Singh and others v Habib and another 12.04.11
On 1 May 2008, the Claimants alleged they were passengers in a vehicle driven by Mr Habib, when Mr Habib collided with a stationary vehicle, the identity of which was never revealed, and that as a result they suffered injuries. They claimed it was a coincidence that, later that day, Mr Habib was involved in a further accident whilst driving the same vehicle. Mr Habib did not give evidence at the trial, at which District Judge Barraclough, not without hesitation, found in favour of the Claimants, having been impressed by the evidence of the Second Claimant. After the judgment:
- Mr Habib gave a statement to an enquiry agent saying that the alleged accident never took place.
- The enquiry agent was also advised by a woman called Vicky that Mr Habib had been promised money by the Claimants.
- It was established through Facebook that a claims company involved in the claim, Advanced Claims had the same telephone number as Mr Habib.
- Statements were given by the First and Third Claimants in relation to the time at which they had contacted Advanced Claims after the accident, which had unsatisfactory features.
The Defendant sought leave to adduce the evidence obtained by the enquiry agent and the fresh evidence about the telephone number. At first instance, the application to admit new evidence was rejected by His Honour Judge Grenfell.
The new evidence was admitted and the Court of Appeal directed that there should be a retrial before a circuit judge. Sir Anthony May stated that CPR 52.11(2) provides that “unless it orders otherwise” an appeal court will not receive oral evidence or evidence which was not before the lower court. However, case law indicates that the “special grounds” set out in Ladd v Marshall  remain relevant: (1) the evidence could not have been obtained with reasonable diligence for use at the trial; (2) the evidence would probably have had an important influence on the result of the case; and (3) the evidence must be apparently credible. In this case there was significant new evidence which cast suspicion on the whole basis on which the claims were advanced. In addition, there was widespread concern about fraudulent cases of this kind and there was a strong public interest in a full investigation of all the evidence.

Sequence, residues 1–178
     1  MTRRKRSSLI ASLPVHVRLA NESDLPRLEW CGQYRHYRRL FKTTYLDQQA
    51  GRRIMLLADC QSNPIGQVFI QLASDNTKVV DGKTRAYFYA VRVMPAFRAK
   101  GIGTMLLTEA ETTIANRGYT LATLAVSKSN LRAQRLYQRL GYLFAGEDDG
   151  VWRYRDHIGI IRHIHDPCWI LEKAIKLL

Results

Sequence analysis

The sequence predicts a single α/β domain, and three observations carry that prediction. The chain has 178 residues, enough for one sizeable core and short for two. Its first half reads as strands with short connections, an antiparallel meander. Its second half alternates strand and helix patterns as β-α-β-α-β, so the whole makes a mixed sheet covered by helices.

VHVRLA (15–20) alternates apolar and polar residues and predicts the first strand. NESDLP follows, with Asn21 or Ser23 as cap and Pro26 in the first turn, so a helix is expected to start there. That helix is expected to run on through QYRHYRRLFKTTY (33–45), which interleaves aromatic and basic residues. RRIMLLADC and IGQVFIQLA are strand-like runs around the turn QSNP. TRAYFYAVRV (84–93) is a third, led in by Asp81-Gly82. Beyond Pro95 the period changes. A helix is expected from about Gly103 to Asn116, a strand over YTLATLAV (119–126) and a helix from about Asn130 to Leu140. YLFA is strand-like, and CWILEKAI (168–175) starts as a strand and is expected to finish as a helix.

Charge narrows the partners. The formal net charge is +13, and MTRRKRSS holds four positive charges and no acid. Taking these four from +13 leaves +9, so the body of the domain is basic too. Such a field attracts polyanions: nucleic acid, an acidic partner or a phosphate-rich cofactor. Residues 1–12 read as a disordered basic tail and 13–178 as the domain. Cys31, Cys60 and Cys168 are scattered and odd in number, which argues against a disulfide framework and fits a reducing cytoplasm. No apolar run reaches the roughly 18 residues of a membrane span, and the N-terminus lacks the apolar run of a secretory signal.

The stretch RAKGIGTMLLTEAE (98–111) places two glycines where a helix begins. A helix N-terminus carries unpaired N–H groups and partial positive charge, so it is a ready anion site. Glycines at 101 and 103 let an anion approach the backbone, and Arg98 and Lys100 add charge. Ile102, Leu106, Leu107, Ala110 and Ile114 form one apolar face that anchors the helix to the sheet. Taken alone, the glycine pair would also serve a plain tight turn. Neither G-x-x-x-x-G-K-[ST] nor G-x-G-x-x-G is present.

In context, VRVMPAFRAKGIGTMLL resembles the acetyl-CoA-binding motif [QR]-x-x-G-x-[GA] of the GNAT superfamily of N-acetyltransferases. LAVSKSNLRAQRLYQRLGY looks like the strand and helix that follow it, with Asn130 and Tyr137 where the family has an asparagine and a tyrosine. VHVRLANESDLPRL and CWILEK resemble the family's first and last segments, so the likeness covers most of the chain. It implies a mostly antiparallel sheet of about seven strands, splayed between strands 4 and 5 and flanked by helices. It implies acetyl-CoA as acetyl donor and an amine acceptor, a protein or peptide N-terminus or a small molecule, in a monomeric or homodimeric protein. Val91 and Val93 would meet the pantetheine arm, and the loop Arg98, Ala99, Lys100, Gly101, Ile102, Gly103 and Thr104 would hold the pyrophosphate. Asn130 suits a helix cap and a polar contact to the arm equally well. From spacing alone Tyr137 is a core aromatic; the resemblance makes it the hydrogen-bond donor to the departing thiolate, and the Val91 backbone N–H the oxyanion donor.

This case highlights the extent of the courts' discretion to admit new evidence under CPR 52.11(2). It is particularly noteworthy, as Mr Habib retracted the statement he provided to the enquiry agent (which led the Court of Appeal to conclude that his evidence could hardly be regarded as credible) and the evidence tying Mr Habib’s telephone number to Advanced Claims had been available when the trial had taken place. Notwithstanding those apparent weaknesses, public interest appears to have been enough to convince the Court that the new evidence should be admitted.
Our experience confirms the extent of the courts' discretion. The writer has dealt with a claim where a retrial was ordered to allow fresh evidence to be admitted that the Claimant and his witness were known to each other, contrary to the case put forward at trial. This led to the dismissal of the claim and a costs order against the Claimant.
Those with an interest in fraud issues will also want to read our report of the Court of Appeal decision in Zurich Insurance Company plc v Hayward [27.5.11], where it was held that Zurich can proceed with an action alleging that the settlement of an earlier claim was obtained by fraud.